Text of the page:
If a game has a unique Nash equilibrium and is played among players with certain characteristics, then (by definition of these characteristics) the NE strategy set will be adopted. Sufficient conditions to be met by the players are: In predicate logic and technical fields that depend on it, uniqueness quantification, or unique existential quantification, is an attempt to formalise the notion of something being true for exactly one thing, or exactly one thing of a certain type. ...

  1. The players all will do their utmost to maximize their expected payoff as described by the game.
  2. The players are flawless in execution.
  3. The players have sufficient intelligence to deduce the solution.
  4. There is common knowledge that all players meet these conditions, including this one. So, not only must each player know the other players meet the conditions, but also they must know that they all know that they meet them, and know that they know that they know that they meet them, and so on.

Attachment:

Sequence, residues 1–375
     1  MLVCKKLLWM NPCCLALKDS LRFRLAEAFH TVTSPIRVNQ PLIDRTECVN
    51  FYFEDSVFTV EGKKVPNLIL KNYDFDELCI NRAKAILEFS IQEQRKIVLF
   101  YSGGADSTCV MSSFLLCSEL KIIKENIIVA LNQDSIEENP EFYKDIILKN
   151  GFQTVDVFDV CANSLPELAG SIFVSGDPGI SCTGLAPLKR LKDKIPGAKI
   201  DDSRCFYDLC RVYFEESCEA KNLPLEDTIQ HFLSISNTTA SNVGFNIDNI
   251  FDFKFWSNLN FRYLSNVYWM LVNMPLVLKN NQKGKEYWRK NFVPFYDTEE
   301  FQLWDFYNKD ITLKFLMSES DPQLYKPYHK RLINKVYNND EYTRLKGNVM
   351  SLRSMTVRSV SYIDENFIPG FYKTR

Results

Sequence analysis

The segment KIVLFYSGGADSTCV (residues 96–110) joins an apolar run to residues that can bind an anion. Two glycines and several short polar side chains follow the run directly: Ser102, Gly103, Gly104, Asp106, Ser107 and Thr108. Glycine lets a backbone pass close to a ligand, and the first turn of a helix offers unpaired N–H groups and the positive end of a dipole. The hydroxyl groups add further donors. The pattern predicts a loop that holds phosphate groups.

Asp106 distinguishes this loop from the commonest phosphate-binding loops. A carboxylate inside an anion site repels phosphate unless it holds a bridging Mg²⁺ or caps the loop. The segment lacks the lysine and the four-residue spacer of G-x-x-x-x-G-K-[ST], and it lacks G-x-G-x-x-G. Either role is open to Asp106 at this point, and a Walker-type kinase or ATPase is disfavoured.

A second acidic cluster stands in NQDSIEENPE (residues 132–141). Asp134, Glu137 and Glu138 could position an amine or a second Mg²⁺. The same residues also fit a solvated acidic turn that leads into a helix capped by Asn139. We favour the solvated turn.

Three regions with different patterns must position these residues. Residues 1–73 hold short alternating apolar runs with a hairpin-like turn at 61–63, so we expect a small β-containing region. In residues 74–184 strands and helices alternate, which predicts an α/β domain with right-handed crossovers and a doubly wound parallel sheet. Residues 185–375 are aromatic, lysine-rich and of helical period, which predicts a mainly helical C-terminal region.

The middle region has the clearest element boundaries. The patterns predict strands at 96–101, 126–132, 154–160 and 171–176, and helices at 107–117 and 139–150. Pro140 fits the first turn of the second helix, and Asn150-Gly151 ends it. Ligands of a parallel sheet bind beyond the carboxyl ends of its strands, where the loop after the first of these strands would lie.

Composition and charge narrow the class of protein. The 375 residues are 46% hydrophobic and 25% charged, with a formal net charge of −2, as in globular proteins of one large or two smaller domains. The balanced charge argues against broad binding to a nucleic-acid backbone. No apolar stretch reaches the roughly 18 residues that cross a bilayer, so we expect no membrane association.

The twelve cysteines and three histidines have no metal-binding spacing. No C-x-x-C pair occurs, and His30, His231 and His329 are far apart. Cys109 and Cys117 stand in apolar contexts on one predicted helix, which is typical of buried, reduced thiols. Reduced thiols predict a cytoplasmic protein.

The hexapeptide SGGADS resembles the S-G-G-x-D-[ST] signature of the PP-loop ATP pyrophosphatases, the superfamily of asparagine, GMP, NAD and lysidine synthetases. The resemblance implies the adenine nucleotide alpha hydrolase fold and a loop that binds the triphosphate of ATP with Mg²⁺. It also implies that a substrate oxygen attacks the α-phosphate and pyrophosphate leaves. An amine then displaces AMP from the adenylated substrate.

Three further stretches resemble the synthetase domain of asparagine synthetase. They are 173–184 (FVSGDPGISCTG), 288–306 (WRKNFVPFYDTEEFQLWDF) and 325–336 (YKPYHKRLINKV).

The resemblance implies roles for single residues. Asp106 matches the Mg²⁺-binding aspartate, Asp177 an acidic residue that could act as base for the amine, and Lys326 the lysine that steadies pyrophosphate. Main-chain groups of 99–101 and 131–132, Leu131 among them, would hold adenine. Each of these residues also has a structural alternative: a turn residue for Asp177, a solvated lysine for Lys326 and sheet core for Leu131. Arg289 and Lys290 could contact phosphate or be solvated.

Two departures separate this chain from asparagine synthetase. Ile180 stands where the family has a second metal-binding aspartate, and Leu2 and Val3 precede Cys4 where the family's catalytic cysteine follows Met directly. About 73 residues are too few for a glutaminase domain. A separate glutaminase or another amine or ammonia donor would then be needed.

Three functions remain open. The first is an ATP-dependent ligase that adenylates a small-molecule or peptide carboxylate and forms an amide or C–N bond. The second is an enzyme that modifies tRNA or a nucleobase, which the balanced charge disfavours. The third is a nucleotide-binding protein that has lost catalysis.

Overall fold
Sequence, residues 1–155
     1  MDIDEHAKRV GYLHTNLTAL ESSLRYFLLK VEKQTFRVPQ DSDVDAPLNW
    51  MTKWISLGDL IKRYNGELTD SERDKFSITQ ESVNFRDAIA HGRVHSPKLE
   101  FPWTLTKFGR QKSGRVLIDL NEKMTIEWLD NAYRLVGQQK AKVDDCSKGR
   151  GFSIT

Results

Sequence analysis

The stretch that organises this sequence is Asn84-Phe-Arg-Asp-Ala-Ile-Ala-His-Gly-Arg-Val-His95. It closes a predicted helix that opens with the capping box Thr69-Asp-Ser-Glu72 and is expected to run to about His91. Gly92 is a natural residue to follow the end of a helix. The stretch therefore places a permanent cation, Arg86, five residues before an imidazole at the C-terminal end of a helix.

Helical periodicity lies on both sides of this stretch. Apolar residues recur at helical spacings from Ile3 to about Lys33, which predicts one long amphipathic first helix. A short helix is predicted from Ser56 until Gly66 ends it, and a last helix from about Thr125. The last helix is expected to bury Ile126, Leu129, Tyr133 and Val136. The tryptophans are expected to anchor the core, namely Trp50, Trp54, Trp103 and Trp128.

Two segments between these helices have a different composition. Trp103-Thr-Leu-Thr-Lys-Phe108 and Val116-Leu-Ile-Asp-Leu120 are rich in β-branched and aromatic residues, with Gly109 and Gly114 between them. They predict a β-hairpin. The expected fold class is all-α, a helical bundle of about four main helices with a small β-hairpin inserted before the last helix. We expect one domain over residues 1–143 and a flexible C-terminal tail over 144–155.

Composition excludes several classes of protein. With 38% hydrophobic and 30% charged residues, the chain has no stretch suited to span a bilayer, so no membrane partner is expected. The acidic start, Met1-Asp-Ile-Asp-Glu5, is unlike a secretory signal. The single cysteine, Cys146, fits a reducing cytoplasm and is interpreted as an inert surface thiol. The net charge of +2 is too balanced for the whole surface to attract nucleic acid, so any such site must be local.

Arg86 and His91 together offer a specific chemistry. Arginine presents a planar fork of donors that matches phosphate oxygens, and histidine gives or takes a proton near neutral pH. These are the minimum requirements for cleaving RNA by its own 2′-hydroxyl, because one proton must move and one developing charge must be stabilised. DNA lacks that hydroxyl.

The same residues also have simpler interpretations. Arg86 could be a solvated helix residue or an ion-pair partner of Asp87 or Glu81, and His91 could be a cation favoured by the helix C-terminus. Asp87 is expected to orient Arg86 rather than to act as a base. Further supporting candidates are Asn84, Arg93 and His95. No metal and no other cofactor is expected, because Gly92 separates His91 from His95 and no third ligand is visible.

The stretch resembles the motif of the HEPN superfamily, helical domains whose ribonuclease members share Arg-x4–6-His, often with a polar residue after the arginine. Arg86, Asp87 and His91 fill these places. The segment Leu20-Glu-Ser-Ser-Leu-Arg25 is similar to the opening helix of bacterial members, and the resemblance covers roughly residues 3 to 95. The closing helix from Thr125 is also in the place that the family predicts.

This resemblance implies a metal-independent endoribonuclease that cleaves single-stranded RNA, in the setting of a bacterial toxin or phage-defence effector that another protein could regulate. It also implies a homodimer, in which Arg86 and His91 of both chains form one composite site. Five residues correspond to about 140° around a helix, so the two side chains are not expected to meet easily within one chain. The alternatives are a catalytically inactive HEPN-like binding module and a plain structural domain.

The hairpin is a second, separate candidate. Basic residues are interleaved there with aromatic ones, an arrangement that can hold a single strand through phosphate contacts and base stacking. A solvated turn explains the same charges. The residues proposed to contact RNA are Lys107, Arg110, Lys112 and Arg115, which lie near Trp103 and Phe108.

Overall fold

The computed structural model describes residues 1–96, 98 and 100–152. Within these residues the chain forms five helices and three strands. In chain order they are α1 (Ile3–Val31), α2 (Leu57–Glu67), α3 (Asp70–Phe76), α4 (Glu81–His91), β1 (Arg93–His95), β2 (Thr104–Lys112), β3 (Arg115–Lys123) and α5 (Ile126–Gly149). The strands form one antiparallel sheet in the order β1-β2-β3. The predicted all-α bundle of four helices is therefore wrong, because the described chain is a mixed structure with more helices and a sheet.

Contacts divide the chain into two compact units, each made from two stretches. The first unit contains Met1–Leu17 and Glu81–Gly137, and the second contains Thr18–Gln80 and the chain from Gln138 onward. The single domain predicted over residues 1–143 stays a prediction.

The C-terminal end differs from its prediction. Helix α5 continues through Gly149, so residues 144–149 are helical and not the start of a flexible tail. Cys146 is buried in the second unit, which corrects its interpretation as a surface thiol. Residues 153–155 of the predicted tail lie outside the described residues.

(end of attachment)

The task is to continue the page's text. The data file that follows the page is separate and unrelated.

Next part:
Where the conditions are not met

Examples of game theory problems in which these conditions are not met:

  1. The first condition is not met if the game does not correctly describe the quantities a player wishes to maximize. In this case there is no particular reason for that player to adopt an equilibrium strategy. For instance, the prisoner’s dilemma is not a dilemma if either player is happy to be jailed indefinitely.
  2. Pong has an equilibrium which can be played perfectly by a computer, but to make human vs. computer games interesting the programmers add small errors in execution, violating the second condition.
  3. In many cases, the third condition is not met because, even though the equilibrium must exist, it is unknown due to the complexity of the game, for instance in Chinese chess[2]. Or, if known, it may not be known to all players, as when playing tic-tac-toe with a small child who desperately wants to win (meeting the other criteria).